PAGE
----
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Another interpretation of the connection between the signs of the Lord’s Supper and the things signified is denoted by the term consubstantiation. It is not exactly a Lutheran term, although it is accepted by the Lutherans as being substantially correct as a representation of their view. According to this termconsubstantiation, the Lutherans teach, in distinction from the sacramentarians, as they call the Reformed, and also in distinction from the Romish doctrine of transubstantiation, that in the Lord’s Supper the body and blood of our Lord Jesus Christ is really and substantially present in, with, and under the signs of the bread and wine on the table of the Lord. It is well-known that at the time of the Reformation a schism arose between the Reformed and the Lutherans about the question of the Lord’s Supper. And although the Reformers agreed on all the great and fundamental doctrines taught in the Holy Scriptures, they could not agree on the view of the Lord’s Supper. Several attempts were made to heal the breach on this point and to effect a reconciliation; but all these attempts failed. The controversy at this time and on this point was rather bitter, especially on the part of the Lutherans. This is evident from the very language of the Formula of Concord, a Lutheran confession adopted in the year 1576. For there we read in the introduction to the article on the Lord’s Supper: “For a solid explanation of this controversy it is first to be understood that there are two sorts of sacramentarians. For some are exceedingly gross sacramentarians; these in perspicuous and plain words openly profess that which they think in their heart, to wit: that in the Lord’s Supper there is nothing more present than bread and wine, which alone acre distributed and received with the mouth. But others are astute and crafty, and thereby the most harmful of all the sacramentarians: these, when talking of the Lord’s Supper, make in part an exceedingly high sounding use of our mode of speaking, declaring that they too believe in a true presence of the true, substantial, and living body and blood of Christ in the holy supper, which presence and manducation, nevertheless, they say, to be spiritual, such as takes place by faith, and yet these latter sacramentarians, under these high sounding phrases, hide and hold fast the same gross opinion which the former have, to wit, that besides the bread and wine, there is nothing more present or taken with the mouth in the Lord’s Supper. For the term (spiritualiter) signifies nothing more to them than the Spirit of Christ or the virtue of the absent body of Christ and His merit, which is present; but they think that the body of Christ itself is in no way whatever present, but is contained above in the highest heaven, and they affirm that it behooves us by the meditations of faith to rise on high and ascend into heaven, and that this body and blood of Christ are to be sought there, and in no wise in union with the bread and wine of the holy supper.”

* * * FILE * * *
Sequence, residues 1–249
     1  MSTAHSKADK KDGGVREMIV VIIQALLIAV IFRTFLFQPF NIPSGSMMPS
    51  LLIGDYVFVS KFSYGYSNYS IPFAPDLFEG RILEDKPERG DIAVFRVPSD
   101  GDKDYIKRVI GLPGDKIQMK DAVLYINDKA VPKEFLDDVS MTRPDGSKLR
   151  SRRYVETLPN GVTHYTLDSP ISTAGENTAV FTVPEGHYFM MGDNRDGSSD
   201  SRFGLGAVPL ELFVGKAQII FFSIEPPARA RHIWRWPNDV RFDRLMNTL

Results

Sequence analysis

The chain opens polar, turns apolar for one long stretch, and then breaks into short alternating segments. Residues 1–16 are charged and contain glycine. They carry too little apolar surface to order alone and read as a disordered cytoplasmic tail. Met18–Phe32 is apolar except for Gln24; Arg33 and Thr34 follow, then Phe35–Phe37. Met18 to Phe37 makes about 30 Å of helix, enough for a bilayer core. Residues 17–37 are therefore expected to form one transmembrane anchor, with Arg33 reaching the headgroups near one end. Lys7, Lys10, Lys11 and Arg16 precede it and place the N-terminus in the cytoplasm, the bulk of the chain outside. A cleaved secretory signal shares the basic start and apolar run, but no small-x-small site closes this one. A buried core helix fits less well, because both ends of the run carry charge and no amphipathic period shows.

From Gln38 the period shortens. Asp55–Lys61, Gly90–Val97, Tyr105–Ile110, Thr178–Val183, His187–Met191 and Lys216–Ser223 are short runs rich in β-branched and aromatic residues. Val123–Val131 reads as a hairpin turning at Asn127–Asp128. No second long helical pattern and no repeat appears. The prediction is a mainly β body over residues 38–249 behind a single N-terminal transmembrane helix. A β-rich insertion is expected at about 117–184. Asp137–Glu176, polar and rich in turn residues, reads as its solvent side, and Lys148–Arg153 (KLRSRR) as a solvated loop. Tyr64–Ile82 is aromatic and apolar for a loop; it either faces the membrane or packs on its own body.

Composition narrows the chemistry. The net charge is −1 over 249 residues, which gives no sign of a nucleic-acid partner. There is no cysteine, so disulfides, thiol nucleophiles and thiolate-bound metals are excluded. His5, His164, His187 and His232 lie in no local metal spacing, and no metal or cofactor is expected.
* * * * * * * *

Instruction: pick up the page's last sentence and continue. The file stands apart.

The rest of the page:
It is not easy to understand clearly just exactly what is the meaning of the Lutherans in their doctrine of consubstantiation. Do they teach that the literal and natural flesh and blood of Christ are masticated by the teeth and swallowed by the mouth together with the signs of the bread and wine in the Lord’s Supper? Some of their statements indeed leave the impression that this is their view. But in other parts of the Lutheran confessions it is emphasized that this eating and drinking is after all something spiritual and a supernatural process. The Lutherans base their view, of course, especially on a literal interpretation of the words spoken by the’ Savior at the institution of the Lord’s Supper on the night in which He was betrayed: “Take, eat; this is my body.” And again: “Drink ye all of it; for this is my blood.” These words must be taken in the literal sense of the word, according to them. This is insisted on in all the Lutheran confessions, such as the Formula of Concord and the Saxon Visitation Articles. And proceeding from this literal interpretation, the Lutherans teach the following: